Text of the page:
Armada opens with our main character, Zack Lightman, seeing something that he couldn’t be seeing: a giant warship from his favorite video game zooming around outside his school. Zack thinks he might be going crazy like his father was before he died, his father being convinced that the government was using video games to train up nerdy citizens into soldiers ready to fight an alien invasion. But of course, just as Zack convinces himself that everything will be fine if he just lays off the video games for a while, it turns out that, well, the government has been using video games to train up nerdy citizens into soldiers ready to fight an alien invasion, and that Zack’s prowess at those games is getting him recruited into the military to fight an invasion starting in, oh, hours.

And that’s a peachy keen plot, as plots go, and I certainly found myself eager to get to the next page and find out what would happen next. But the style and characters? Oof, I just could not even.

The biggest problem that I had with the book is that it knows that it’s ripping off The Last Starfighter and every other movie or book with the same plot, and it tells you that it knows that it’s ripping them off, and so you think it’s going to neatly subvert the tropes and failings of those stories but it just… doesn’t. Everything that you think is going to happen in this book happens, and any time a character is like, “This thing that is happening is very predictable” you can rest assured that it will remain so. Which, okay, that’s unpredictable in and of itself, so points to you, Ernie Cline, but goodness it is boring.

Also boring are the characters, pulled directly from stock and dropped in this novel. Nerdy video gamer protagonist? Check. Nerdy video gamer best friends? Check. Nerdy video-game-store owner who hates his customers? Check. Loving single mother? Check. Uber-nerd computer hacker? Check. Mission-focused general? Check. The one unpredictable thing in the whole book is that the author actually respects his female characters, all two of them, giving them the same agency he gives the dudes (admittedly, not much) and leaving out any potential damsel-in-distress scenes.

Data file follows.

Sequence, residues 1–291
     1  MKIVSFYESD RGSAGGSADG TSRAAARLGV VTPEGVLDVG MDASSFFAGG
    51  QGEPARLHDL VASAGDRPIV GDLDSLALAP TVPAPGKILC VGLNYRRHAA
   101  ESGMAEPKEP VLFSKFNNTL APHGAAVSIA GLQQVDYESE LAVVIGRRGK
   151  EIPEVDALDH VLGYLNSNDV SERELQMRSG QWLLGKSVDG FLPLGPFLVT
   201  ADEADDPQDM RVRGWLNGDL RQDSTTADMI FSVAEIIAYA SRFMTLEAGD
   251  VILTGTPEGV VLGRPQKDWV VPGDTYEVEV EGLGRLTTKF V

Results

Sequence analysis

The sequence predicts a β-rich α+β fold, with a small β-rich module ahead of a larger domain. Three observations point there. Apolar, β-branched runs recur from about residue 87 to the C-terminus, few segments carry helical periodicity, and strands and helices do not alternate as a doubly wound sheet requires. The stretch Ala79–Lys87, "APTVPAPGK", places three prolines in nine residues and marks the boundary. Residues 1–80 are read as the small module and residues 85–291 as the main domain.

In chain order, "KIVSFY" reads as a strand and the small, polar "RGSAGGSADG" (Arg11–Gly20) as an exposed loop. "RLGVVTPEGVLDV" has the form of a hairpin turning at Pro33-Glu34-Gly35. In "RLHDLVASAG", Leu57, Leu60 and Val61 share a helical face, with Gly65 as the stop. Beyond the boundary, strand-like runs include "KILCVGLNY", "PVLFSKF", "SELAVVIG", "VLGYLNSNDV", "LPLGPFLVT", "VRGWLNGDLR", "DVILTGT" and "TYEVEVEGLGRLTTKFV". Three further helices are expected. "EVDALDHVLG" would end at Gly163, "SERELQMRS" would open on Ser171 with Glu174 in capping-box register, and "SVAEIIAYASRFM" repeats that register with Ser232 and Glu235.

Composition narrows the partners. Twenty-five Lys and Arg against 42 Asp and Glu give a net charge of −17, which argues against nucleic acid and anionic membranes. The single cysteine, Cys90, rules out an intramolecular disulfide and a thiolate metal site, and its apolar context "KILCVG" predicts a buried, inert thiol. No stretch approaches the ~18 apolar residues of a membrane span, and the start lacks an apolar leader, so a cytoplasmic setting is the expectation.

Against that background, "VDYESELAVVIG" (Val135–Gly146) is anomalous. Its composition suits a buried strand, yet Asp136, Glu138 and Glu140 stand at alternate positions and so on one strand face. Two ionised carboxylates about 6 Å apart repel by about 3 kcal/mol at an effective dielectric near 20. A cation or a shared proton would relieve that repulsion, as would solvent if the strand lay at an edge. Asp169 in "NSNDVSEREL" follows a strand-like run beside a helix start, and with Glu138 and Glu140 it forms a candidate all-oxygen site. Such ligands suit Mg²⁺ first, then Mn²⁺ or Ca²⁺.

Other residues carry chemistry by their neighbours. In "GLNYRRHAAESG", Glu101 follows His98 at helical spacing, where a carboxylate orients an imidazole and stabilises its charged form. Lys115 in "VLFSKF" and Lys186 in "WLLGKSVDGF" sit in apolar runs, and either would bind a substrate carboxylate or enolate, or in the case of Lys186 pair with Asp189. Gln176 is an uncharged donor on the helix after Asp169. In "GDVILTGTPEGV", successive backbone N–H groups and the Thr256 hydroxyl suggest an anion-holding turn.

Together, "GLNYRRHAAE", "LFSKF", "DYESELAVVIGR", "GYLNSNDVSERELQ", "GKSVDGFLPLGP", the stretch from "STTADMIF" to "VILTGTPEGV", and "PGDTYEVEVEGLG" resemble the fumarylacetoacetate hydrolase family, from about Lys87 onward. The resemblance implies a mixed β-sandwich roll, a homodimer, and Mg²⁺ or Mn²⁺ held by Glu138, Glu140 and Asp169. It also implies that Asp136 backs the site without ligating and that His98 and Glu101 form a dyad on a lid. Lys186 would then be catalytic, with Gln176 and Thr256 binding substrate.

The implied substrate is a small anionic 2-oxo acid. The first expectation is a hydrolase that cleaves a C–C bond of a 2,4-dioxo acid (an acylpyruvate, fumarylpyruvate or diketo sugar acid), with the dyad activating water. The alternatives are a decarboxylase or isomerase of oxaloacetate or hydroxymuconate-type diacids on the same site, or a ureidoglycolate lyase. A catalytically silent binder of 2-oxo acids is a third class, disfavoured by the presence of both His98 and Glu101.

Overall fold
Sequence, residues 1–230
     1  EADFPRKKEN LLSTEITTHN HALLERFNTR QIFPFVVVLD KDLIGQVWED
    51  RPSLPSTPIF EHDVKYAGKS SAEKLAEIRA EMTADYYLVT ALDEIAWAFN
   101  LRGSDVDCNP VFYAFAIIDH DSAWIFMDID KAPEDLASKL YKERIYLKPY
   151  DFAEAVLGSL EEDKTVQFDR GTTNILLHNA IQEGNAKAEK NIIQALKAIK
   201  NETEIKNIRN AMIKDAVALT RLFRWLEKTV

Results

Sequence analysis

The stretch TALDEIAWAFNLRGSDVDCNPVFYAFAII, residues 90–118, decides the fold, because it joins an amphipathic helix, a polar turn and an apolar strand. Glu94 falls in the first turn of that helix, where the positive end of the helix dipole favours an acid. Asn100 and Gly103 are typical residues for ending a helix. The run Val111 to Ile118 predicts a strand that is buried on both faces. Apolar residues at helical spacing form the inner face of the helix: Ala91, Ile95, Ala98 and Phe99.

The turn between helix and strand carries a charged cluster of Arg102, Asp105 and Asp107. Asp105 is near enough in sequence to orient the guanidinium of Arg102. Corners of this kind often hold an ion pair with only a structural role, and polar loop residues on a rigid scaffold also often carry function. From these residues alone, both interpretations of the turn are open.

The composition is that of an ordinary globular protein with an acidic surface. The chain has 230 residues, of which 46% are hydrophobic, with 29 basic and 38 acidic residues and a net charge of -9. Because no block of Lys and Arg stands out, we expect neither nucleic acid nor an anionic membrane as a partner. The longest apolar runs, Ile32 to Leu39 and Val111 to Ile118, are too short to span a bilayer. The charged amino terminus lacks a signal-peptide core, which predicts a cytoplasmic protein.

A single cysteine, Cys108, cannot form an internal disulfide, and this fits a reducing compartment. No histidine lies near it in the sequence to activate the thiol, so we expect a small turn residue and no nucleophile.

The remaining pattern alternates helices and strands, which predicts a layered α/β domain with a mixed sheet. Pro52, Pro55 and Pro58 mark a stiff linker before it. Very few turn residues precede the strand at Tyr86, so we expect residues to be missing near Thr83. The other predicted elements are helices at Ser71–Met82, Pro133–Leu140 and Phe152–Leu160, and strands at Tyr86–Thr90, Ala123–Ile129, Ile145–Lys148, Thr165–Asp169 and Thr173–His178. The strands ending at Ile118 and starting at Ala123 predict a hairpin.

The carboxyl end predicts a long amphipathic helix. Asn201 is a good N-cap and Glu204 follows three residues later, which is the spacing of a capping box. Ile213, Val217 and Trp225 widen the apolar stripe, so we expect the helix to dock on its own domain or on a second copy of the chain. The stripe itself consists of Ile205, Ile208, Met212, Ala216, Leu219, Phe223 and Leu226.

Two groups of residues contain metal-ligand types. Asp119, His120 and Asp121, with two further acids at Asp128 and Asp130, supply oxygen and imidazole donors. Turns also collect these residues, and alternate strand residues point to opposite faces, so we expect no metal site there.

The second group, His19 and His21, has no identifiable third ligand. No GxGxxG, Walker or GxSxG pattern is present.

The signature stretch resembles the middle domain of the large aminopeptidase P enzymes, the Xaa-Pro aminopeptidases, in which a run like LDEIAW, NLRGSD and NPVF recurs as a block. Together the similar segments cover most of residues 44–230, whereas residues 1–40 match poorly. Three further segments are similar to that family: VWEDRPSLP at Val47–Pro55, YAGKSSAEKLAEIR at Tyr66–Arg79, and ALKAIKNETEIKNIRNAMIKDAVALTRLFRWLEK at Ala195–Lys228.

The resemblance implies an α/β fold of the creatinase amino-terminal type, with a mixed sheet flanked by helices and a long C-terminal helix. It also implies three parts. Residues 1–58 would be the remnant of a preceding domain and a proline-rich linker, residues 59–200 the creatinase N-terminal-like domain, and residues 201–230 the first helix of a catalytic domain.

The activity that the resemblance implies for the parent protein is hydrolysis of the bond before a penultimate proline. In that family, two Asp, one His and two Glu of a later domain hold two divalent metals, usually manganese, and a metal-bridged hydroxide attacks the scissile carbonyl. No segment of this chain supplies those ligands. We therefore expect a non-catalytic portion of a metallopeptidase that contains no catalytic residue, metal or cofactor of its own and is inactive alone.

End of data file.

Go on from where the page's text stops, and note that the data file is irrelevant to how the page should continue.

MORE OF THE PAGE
So, I mean, I liked it. I enjoyed the reading experience and I liked the suspense of wondering how things would play out. But I hated the way it actually did play out, and if throwing my Kindle across an airplane wasn’t such a terrible idea in so many ways, it might have actually happened. Part of me wants to go back and try it again (it’s not a terribly long book) and see how I so badly managed to miss whatever the point of the book was, but the rest of me is like, no, life is too short, so I’m going to need those of you who have read and loved and/or gotten this book to tell me where I went wrong!

Recommendation: For fans of video games, Ernie Cline, and books that are only plot.

Rating: 6/10

Trillium, by Jeff Lemire

TrilliumI can’t remember where I first read about this comic mini-series, but whatever I read made me think it would be a perfect buy for my library. Now that I’ve read it, well, there are definitely a couple of people I can recommend it to, but not as many as I might have hoped. My library people are not quite as into the super weird as I am, and this is super duper weird.

So there’s a woman, Nika, who is a scientist of some sort on a space base of some sort whose job is to make headway in speaking to the planet’s native inhabitants because they have a bunch of pretty flowers that are the only cure to a terrible terrible plague. Unfortunately, her diplomatic mission is cut short when the plague arrives even closer to her base, so she goes in for a last-ditch effort. To her surprise, she is greeted by hundreds of the formerly well hidden natives, who invite her to eat one of those precious precious flowers, called trillium, and suddenly things get a heck of a lot weirder.